From Critique to Collaboration: The Creation of Adobe Comp CC
Scott Belsky and Khoi Vinh‘s friendship precedes Scott’s tenure at Adobe, so when Scott approached him with an invitation to collaborate, it didn’t take long for Khoi to accept. In fact, in some ways, the collaboration, between the co-founder of Behance and VP at Adobe and the former design director of the New York Times, seemed pre-destined.
Since its introduction, Khoi had been touting the merits of the iPad as a creative tool: “I’ve always seen it as a really capable piece of hardware that at the same time imposes some really wonderful constraints. When you’re using your finger to manipulate things, you lose a sort of fine-grained ability to ‘get things absolutely perfect.’ I’ve always looked at that as a benefit.” He didn’t know it at the time, but the iPad environment he felt so strongly about (the one that forces people to focus on concept rather than execution) would become the foundation for Adobe Comp CC.
But it wasn’t Khoi’s appreciation of the iPad, or the fact that he’d built an app called Mixel in 2011, that prompted Scott to call him in the fall of 2013. It was, instead, Khoi’s skepticism about Creative Cloud. Khoi summed up the reason for Scott’s call in a recent blog post: “The perception at that time was that a CC subscription was a scheme to allow Adobe to charge repeatedly for software that previously users could buy just once. That’s what he wanted to discuss.”
From that conversation, things moved quickly forward.
By the end of 2013, Khoi was working as a consultant to Adobe with principal product manager Will Eisley and director of design Eric Snowden on what would become Comp CC. Khoi remembers, “Adobe assigned prototyping engineer Renaun Erickson to the project and for a couple of months it was just the two of us trying to figure out the fundamentals of the app, its basic concepts, what was important, what wasn’t.”
Their ideas began taking shape when they realized that the key to the app’s success would be enabling people to get what’s in their heads onto the screen as quickly as possible. It meant they needed a “drawing engine.” One that would enable people to draw, move things around, and resize them—with familiar touch-screen gestures. Khoi explained it like this: “With Comp CC, you don’t access a different tool to get a box or crop a picture or create a block of text; you draw a box with an X in it and get a picture object into which you can put an image and crop it, or you draw several horizontal lines to generate a block of text. It’s much more natural. It’s much faster. And, most importantly, it’s much different than working on desktop software.”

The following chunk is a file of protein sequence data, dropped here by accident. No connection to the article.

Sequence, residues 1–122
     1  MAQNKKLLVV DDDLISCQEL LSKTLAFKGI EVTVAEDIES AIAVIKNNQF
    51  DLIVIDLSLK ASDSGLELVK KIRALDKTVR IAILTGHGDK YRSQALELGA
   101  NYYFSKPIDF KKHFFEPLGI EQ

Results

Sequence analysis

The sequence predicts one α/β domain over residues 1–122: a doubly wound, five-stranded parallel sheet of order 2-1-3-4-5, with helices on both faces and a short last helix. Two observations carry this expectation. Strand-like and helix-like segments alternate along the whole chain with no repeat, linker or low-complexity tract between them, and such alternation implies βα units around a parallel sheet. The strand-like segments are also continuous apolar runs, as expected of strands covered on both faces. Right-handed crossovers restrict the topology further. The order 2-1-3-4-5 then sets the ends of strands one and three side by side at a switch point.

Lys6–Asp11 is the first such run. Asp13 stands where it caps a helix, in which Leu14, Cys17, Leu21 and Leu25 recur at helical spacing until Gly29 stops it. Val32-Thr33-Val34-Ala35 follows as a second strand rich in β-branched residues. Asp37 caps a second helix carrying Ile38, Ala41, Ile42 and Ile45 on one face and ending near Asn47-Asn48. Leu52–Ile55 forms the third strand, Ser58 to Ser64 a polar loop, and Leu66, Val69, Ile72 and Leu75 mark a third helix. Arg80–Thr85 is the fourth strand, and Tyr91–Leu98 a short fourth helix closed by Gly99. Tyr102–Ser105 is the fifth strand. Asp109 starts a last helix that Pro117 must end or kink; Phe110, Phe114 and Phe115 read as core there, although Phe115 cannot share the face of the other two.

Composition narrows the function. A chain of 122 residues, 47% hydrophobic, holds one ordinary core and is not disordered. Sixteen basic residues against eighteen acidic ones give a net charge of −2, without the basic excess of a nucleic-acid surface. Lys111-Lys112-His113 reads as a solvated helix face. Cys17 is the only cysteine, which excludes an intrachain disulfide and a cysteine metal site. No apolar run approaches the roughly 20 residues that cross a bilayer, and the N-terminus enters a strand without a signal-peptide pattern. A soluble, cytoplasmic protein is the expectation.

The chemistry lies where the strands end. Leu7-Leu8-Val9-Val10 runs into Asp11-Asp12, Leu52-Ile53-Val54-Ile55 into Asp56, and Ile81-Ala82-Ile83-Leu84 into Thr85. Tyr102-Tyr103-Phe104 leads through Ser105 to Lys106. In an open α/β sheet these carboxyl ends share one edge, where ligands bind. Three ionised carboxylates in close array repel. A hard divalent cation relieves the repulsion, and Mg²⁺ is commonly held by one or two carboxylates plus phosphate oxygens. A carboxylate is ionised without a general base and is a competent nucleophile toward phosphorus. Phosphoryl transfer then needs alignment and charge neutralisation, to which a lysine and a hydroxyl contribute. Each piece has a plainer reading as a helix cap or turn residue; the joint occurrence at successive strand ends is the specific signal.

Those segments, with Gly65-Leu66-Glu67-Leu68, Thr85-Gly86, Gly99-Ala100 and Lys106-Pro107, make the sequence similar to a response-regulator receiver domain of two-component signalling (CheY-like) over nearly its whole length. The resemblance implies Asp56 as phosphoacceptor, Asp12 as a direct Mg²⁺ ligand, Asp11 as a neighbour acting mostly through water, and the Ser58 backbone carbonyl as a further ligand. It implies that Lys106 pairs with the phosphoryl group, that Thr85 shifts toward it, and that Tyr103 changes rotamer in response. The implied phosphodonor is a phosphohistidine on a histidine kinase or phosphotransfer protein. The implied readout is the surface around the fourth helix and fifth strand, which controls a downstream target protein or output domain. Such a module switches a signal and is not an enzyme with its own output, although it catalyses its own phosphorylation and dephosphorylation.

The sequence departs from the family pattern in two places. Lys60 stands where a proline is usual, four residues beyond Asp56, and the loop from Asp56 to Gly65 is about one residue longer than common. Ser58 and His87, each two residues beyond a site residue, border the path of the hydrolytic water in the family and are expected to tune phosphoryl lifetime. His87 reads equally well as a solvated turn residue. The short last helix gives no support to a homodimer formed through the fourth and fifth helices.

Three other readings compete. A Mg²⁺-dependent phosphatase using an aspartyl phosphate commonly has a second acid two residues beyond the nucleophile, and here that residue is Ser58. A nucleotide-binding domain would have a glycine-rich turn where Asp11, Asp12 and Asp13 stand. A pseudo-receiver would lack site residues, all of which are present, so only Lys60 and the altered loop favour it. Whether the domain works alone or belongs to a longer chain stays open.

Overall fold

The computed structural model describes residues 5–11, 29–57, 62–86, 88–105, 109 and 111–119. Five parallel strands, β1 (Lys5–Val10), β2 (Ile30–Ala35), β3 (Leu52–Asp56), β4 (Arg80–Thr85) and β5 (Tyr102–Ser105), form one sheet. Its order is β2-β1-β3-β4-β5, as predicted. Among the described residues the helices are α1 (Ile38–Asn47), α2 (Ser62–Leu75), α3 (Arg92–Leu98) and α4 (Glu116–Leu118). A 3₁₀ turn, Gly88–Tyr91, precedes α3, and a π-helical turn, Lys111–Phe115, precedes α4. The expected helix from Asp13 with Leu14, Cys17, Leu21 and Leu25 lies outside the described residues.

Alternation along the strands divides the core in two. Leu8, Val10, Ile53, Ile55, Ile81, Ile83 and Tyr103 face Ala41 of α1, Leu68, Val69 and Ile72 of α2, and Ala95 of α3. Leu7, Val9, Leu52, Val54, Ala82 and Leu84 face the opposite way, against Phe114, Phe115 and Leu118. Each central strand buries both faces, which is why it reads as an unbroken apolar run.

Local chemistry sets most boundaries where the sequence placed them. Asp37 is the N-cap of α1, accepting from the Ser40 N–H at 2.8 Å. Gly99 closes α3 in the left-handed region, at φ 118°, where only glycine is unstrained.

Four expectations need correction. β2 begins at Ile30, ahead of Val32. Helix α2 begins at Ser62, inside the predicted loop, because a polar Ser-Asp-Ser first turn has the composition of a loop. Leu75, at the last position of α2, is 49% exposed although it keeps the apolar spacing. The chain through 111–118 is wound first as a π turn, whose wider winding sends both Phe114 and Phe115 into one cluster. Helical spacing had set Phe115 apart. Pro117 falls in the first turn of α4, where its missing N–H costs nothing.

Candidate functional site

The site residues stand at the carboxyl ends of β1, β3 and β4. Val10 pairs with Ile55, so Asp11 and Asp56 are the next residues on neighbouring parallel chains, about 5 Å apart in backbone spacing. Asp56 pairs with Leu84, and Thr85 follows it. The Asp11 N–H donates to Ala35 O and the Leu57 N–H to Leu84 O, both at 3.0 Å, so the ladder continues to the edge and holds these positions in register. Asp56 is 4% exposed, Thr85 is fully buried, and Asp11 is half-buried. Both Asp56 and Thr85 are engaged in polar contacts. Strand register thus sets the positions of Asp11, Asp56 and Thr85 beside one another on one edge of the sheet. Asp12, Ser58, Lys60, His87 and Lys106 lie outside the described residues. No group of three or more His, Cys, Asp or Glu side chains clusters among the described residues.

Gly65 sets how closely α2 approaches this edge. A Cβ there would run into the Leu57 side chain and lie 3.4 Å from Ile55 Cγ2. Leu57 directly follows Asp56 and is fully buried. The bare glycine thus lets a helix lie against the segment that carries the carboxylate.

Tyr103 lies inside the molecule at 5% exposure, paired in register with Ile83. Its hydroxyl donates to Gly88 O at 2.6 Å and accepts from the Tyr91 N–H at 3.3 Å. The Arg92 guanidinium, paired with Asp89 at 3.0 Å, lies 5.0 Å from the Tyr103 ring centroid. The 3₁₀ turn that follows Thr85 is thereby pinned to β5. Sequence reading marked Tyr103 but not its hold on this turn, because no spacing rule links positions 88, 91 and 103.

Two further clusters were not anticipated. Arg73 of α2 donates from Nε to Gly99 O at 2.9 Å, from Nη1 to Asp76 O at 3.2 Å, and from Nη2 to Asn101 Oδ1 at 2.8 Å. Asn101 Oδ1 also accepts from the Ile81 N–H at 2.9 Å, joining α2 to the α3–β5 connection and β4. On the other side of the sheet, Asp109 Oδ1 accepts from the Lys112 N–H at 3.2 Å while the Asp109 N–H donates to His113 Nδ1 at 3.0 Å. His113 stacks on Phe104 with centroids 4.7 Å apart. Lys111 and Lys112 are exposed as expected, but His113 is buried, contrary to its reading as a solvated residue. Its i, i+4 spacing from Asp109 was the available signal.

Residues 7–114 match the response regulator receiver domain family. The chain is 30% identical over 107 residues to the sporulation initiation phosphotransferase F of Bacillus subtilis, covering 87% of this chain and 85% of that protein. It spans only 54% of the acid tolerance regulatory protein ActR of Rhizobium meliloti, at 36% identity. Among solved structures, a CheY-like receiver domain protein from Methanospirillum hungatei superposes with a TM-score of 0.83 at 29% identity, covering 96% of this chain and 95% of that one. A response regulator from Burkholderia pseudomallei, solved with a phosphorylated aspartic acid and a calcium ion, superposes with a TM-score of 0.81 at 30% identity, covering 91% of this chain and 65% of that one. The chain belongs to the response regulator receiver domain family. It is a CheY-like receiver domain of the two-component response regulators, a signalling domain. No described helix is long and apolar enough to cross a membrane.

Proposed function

They intentionally kept the build media agnostic and with a focus on brainstorming. The canvases are familiar, but they are blank; there are no tools for pagination or trapping ink, and no library of interface widgets or pulldown menus. Because it keeps the focus on rapid-fire iteration, it’s a welcoming tool for conceptualizing juxtapositions of type and image for any medium.
It wasn’t long before it was time to share the build with an audience.
When Khoi presented during Sneaks at Adobe MAX 2014, the application was about 60% done. He remembers, “Not all the gestures were in there, the history feature was still pretty fragile, and as far as exporting to the desktop apps, I think only InDesign CC worked at that time.”
By the end of 2014, however, Comp CC’s two most important features were in place.
The ability to export files to Adobe’s primary desktop design applications makes Comp CC a powerful addition to an ingrained workflow. Many mobile apps have great approaches to creative exploration, they’re just not as attuned to a designer’s needs. Khoi believes that’s Comp CC’s game-changing feature: “We put a lot of emphasis on building those bridges to Illustrator CC, InDesign CC and Photoshop CC; I’m willing to bet that the bridges we created, to what designers already use and what they’re comfortable with, will be really powerful for people.”
As for the history feature that saves every iteration of every layout… it’s the team’s acknowledgement that ideas flow continuously. People don’t come up with one idea, jot it down and move on to the next one. But since any need to “manage” brainstorming sessions runs counter to the course of creativity, the saved history relieves, entirely, the burden of worry about preserving concepts, while also giving people the ability to scroll back in time—maybe even to the point of rediscovery. (Note: The feature is demoed in Khoi’s Sneaks video beginning at 3:40) A similar history scrub feature, already in Adobe Photoshop Sketch and Adobe Illustrator Line, provided the perfect interface but Khoi mentioned a characteristic unique to Comp CC: “You can actually go back and mess around with something you worked on 20 minutes ago but then whatever you did between then and now is preserved (you won’t lose it just because you elaborated on something).”
That’s the condensed version of the Khoi Vinh-Adobe partnership and the launch of Comp CC.
Now that Comp CC is in the hands of the creative community, Khoi knows the collaboration isn’t over, “For it to succeed and for us to effect meaningful change to ingrained workflows, we have to listen to feedback and understand how people are using it.”
And about Khoi’s skepticism of Creative Cloud… it, ultimately, fell away: “It wasn’t until I collaborated on Comp CC that I truly understood why Adobe made this huge move to Creative Cloud. It’s not about ‘renting’ software that we used to buy; it’s about a connected ecosystem of tools that’s only possible with the cloud. I was won over to the strategy.”